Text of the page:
#93 Pilots, Planes and Flying Clubs  –  Part 1

The Kinsley Graphic on April 3, 1930 announced that the first Edwards County owned airplane arrived in Kinsley that week.  It was a Swallow TP owned by Joe Watson, an established Kinsley business man and oil speculator, and Roy Grybowski, who had a pilot’s license (pictured below – 1927 KHS graduate) .  It had been manufactured by the Swallow Airplane Company in Wichita.

The plane had dual controls and was yellow and black.  Plans were for it to take passengers and distribute advertising material.  Grybowski flew it from Wichita to Kinsley in one hour and a half.  He landed in the field one-half mile south of town on highway No. 1 (today, Hwy 183). That same day, Grybowski successfully passed a new test to renew his pilot’s license as his was due to expire in two weeks.  The new license had more stringent restrictions including “an absolute prohibition of any stunting with passengers.”

 An advertisement in the July 26, 1930 Graphic, indicated that Grybowski was a Swallow sales representative and it encouraged airplane ownership. 

Advertisement in June 26, 1930 Kinsley Graphic (Note the image of the plane has been replaced with one of better quality.

A side note: by the time of the 1940 census, Roy Grybowski was married, living in California and working in the oil fields. He would lead a long life, dying in Santa Barbara, California in 1996.

In November, 1944, the interest in flying had caught on in Edwards County, and a Flying Club was formed.  There were 15 aviation enthusiasts as members including Rhinehart and Pearl Mehl, Clara and Clarence “Shorty” Michaelis, Bill Weyrich, Huston Sterritt, Herbert Wetzel and Chester Bidleman, names gleaned from articles written in several papers. Chester’s son, Bill John, thought his father joined the club “because he knew how much of an airplane nut I was. With him in the club, I had my foot in the door.”  Other early members were Dr. Schnoebelen, Myron Burr, Ross Strate, and Gordon Coats.

On December 31, 1944 the Hutchinson News reported that Huston Sterrett, owner of the Palace Theatre used a plane in an emergency.  “The film failed to arrive for the Wednesday evening show.  It had been missent.  Telephoning around, he located it at Kiowa.  There was only a little time before the show would start.  He obtained a plane at Larned, flew to Kiowa and back, and had the film on hand on time.”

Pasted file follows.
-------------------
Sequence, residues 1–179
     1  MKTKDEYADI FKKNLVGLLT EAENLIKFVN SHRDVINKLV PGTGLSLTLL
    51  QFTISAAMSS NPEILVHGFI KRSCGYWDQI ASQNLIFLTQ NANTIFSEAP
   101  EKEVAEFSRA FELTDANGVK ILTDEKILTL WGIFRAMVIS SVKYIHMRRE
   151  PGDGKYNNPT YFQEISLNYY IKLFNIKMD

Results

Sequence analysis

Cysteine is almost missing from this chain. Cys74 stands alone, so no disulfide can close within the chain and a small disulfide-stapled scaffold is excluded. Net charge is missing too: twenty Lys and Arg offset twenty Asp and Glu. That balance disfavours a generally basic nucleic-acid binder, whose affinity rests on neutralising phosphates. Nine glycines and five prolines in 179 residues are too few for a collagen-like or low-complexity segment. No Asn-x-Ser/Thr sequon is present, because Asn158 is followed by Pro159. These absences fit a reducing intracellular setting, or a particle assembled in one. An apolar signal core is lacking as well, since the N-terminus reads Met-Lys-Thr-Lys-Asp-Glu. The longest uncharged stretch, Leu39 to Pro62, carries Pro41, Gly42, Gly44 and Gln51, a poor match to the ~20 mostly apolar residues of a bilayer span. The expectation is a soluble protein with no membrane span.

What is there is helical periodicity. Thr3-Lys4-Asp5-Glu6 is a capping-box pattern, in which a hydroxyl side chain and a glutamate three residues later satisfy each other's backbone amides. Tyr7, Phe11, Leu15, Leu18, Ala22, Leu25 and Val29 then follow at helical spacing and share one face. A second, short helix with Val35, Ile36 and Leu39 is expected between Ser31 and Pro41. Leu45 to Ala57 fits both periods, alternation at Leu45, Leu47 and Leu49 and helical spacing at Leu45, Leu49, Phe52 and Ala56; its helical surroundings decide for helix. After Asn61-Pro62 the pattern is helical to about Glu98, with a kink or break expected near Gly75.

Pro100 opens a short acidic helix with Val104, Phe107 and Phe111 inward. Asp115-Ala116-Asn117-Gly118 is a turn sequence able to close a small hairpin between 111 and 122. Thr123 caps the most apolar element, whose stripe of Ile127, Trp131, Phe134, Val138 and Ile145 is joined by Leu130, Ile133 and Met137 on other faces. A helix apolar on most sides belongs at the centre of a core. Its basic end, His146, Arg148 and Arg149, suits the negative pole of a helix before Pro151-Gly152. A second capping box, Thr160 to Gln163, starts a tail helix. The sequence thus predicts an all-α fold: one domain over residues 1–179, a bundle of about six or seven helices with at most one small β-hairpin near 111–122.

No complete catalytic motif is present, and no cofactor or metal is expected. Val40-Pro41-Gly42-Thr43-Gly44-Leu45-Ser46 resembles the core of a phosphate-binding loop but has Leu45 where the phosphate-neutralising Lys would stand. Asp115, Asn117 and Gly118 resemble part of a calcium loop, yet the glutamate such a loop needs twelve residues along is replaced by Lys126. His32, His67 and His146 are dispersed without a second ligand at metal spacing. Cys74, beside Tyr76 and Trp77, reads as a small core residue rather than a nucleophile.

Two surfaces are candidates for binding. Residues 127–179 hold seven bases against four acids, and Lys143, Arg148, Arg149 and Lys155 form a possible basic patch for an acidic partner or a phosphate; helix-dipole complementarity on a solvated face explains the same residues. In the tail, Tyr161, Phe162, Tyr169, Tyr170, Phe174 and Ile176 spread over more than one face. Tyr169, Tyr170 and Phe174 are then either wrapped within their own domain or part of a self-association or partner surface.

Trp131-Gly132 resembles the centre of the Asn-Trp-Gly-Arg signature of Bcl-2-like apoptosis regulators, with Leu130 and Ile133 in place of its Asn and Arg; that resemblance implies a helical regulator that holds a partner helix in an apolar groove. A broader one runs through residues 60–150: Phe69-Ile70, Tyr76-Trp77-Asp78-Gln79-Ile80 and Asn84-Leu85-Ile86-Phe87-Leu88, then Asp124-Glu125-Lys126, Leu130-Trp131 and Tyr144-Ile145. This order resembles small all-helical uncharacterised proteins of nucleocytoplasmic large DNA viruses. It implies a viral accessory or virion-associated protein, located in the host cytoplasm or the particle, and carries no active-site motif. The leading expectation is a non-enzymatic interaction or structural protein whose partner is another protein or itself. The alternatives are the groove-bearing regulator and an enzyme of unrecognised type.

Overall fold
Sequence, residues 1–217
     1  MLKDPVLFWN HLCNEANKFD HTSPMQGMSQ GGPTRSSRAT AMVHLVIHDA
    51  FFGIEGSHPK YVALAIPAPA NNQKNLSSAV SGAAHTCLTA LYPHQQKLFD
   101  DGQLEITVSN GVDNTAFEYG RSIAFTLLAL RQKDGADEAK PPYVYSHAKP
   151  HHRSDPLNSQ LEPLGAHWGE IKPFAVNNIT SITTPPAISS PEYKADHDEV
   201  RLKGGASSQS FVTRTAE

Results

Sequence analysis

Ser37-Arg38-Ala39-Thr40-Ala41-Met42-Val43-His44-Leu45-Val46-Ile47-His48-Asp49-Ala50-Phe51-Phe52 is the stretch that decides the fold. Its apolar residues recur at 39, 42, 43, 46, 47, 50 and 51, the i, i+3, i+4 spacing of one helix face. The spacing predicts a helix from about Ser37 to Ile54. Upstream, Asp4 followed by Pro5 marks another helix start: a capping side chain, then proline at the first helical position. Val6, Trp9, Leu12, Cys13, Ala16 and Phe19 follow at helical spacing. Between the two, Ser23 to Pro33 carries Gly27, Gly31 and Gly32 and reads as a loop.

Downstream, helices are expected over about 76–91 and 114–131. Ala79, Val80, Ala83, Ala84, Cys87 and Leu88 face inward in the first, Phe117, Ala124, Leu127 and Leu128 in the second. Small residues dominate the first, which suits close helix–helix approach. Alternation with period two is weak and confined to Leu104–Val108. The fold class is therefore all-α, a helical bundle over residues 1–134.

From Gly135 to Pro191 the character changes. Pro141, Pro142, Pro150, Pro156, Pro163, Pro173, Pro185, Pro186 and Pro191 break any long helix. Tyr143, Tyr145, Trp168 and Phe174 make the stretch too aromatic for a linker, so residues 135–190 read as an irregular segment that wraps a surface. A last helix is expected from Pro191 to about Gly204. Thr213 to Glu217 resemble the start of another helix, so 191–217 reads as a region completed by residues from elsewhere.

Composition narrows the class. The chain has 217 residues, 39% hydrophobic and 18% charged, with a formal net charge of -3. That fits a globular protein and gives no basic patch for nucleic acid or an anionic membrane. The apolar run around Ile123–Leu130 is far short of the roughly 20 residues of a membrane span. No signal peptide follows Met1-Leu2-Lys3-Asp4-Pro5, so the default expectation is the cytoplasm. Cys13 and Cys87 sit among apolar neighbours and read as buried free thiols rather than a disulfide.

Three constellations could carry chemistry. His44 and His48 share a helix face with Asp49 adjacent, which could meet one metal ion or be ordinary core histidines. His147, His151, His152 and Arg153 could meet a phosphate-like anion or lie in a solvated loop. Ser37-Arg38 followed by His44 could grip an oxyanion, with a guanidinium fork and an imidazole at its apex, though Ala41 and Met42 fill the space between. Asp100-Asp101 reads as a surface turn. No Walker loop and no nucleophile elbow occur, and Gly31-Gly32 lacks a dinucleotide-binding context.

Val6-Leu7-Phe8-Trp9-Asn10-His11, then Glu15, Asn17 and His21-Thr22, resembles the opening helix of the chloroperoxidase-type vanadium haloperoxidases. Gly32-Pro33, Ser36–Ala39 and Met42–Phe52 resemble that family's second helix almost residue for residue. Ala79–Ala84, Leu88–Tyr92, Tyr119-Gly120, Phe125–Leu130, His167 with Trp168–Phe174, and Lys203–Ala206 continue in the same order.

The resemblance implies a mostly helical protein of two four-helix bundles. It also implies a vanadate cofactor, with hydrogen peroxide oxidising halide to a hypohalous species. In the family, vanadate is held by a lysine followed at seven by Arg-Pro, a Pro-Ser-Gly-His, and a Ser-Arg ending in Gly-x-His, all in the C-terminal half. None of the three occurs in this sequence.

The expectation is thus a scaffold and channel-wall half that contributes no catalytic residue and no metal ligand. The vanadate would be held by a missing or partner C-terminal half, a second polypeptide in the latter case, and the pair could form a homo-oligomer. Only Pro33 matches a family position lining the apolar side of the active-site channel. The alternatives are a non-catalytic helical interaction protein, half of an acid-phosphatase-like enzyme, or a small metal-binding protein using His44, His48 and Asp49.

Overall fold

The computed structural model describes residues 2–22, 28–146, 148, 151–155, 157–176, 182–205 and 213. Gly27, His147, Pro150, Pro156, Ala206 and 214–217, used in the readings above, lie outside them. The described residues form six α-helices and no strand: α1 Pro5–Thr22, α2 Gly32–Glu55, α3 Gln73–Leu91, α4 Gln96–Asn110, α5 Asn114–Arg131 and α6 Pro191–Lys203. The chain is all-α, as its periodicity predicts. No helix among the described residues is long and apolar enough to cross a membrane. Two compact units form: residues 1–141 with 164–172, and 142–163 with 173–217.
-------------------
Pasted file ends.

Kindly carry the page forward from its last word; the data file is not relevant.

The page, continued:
At that time, Michaelis reported that the club bought a Taylorcraft two-place fabric covered plane with a 65 horse engine from Lefty (Elmer) Fatzer.  They used that plane for a year or two, and then bought a new plane from Taylorcraft in Pennsylvania for $2,200.

1944 Taylorcraft airplane advertisement

The club set up a frame and corrugated metal T-hanger west across the highway and a little south of where the airport is today.  The late Gordan Coats said. “You had to watch when you came in to land because Howard Bentley had alfalfa there and you had to land between hay bales sometimes.”

A one-half mile long and 495’ wide runway ran north and south with a short east-west runway (1/4 mile by 300’) on the south end.

In 1947, the Flying Club moved their location across the highway to approximately where the current airport is located.   In the same article, Bill John Bidleman said, “We (Bill John and Michaelis) put the hangar on timbers and with two tractors pulled it across the road and down the field.  Don Alt and I, who were the youngest members of the club, looked around and saw the plane sitting in the field where the hangar had been and decided we were going to fly it over to the new location.  I think there were a few hearts in peoples’ throats when they saw what we were doing. But the conditions were right for a soft field landing and we got the plane to the new location without any trouble.” According to Bill John, Ott cranked the propeller and he piloted the plane.

A dirt runway was created by the Flying Club using a tractor with a roller.  This location became the Kinsley Municipal Airport in October, 1947

(To be continued next week)